Early to the Party: Austin Finally Becomes One Giant Festival

Photo by Bryan C. Parker

Photo by Bryan C. Parker

Austin Finally Becomes One Giant Festival

On November 4th, citizens of Austin will vote on Proposition 58. If Proposition 58 passes, Austin will legally be recognized as a festival and no longer as a city in the state of Texas. Private businesses will continue to exist, but will legally be required under the new proposition to host a band, film, art gallery, video game conference, comedian, play, performance art showcase, etc. at a moment’s notice. Austin will also maintain the structure of a government, for example the Mayor (now Executive Festival Coordinator) and City Council (now the Festival Planning Committee) will continue to make laws for the festival to maintain order. Additionally, the Austin Festival (Austin’s proposed name change) will offer city services with slight adjustments. For example, Capital Metro transportation system will still operate, but under the new name of Capmetro Festival Shuttle Services. Similarly, the sanitation department will be a volunteer-run system under Proposition 58 (volunteers do the dirtiest, hardest work just for the sheer reward of being able to live in the Austin Festival—just like a real festival!).

But this impending vote has some residents wondering how Austin ended up in such a state. “Well we had guests stay over for the first weekend of Austin City Limits, and then the second,” Merry Weller explained. “We are currently hosting friends who came in for Austin Film Festival and in November our family will be visiting to attend FunFunFun Fest. We finally thought, ‘Why not turn our house into a local bed and breakfast and make some money hosting people?!’” Mrs. Weller describes her and her husband’s recent decision to turn their Hyde Park home into a bed and breakfast. Mrs. Weller’s new profitable business represents a recent trend of local residents taking advantage of the money the constant barrage of festivals brings to the city of Austin.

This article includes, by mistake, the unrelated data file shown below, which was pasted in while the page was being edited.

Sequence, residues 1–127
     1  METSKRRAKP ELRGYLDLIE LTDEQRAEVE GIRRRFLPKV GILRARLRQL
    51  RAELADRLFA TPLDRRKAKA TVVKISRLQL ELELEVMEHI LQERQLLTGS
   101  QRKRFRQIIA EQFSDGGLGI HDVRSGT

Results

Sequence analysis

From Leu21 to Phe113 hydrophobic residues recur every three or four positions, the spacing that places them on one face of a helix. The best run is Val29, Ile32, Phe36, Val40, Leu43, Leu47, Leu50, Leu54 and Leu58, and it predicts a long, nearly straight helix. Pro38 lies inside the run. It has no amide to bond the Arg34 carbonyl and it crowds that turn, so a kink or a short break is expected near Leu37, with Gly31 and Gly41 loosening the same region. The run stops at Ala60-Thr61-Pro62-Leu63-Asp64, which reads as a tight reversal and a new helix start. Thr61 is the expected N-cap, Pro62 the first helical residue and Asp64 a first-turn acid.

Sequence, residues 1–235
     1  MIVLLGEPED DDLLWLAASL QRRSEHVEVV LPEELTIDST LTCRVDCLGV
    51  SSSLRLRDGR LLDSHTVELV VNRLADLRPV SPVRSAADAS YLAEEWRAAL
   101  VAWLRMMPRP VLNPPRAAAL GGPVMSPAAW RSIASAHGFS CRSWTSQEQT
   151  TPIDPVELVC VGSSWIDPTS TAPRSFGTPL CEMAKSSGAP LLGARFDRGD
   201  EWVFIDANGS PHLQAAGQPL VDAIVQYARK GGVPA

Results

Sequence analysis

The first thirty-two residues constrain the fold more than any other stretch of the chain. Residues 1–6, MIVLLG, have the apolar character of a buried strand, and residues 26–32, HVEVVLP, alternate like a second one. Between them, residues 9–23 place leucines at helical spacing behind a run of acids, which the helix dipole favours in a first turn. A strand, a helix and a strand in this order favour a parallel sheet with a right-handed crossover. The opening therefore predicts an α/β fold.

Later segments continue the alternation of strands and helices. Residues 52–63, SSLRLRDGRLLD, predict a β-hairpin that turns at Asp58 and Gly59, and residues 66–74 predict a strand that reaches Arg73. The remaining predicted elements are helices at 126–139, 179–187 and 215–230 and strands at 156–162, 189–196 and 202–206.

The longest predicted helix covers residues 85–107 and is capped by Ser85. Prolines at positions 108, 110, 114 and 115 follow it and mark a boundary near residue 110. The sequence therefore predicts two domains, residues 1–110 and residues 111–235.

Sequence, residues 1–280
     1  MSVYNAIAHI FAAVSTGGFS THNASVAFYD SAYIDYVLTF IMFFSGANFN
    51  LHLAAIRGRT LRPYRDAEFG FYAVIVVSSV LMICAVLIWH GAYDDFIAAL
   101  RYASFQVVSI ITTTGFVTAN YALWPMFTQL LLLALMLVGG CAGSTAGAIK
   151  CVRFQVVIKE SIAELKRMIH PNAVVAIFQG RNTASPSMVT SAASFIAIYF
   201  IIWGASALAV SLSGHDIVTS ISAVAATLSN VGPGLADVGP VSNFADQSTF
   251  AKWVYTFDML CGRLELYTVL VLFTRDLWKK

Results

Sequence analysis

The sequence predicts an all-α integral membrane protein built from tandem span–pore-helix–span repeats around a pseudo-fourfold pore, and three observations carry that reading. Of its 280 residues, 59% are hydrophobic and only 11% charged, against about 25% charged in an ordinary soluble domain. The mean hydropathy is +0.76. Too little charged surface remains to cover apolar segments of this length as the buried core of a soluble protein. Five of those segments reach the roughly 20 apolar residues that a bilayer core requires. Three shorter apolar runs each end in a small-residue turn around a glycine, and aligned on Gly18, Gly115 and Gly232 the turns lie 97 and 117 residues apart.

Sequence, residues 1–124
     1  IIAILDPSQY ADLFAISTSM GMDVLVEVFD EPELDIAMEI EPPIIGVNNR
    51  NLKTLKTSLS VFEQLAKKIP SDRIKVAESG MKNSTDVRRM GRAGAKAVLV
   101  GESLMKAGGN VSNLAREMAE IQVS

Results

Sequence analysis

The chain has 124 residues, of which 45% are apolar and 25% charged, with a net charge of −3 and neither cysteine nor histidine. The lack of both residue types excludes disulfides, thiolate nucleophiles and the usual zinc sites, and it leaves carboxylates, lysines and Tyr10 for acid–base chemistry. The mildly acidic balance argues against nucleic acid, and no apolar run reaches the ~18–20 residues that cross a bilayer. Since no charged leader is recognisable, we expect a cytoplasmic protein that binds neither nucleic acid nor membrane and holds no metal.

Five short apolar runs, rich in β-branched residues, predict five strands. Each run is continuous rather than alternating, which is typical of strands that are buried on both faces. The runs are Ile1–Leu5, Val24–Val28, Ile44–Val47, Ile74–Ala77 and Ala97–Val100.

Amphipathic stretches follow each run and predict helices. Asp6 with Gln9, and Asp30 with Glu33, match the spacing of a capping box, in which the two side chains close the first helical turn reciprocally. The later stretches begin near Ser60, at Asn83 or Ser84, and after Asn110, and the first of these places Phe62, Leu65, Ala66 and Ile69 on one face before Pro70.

East Austin resident Gary Carbajal describes the origins of his homegrown coffee trailer. “Before South by Southwest (SXSW), I told my neighbors to stop by for coffee on their way to the festival. Then a few folks who were biking downtown just stopped in and helped themselves to some coffee right out of my kitchen! I started thinking, ‘Hey, I could make money doing this!’” Mr. Carbajal’s trailer Bean There, Done That can be found at the upcoming Formula 1 races. While Weller and Carbajal fully embrace the opportunity to profit off the money that festivals bring into the city, other Austin residents are slow to change their old-fashioned ways of just merely living and working a “regular job” in the city.

Some residents, like Walter McKee, find it hard to adjust to the near constant festival atmosphere. “I have lived in south Austin for the past twenty-five years,” said McKee, “This week I found out that somehow my house has become part of the Austin City Limits music festival grounds. I had a young lady tell me yesterday that I needed a wristband to leave my own home.” While some out-of-touch elderly residents may not want to accept the changes happening throughout Austin, the City Council hopes the majority of citizens will feel differently.

Some businesses will hardly have to make any changes at all. For example, trailers all over the city (Festival) will continue to operate normally. “It may be a slight adjustment for some,” potential Austin Mayoral/Executive Festival Coordinator candidate Madolyn White explains. “But we hope with this plan to turn Austin into one giant festival, we can stop beating around the bush and allow the city to become what it desperately wants to be: a 24/7 for-profit festival of the arts.”


Karen Early is a comedian and human being living in Austin, TX. She performs and organizes the weekly Megaphone Show on Saturdays at the New Movement Theater. Her column Early to the Party appears sometimes on Pop Press International.


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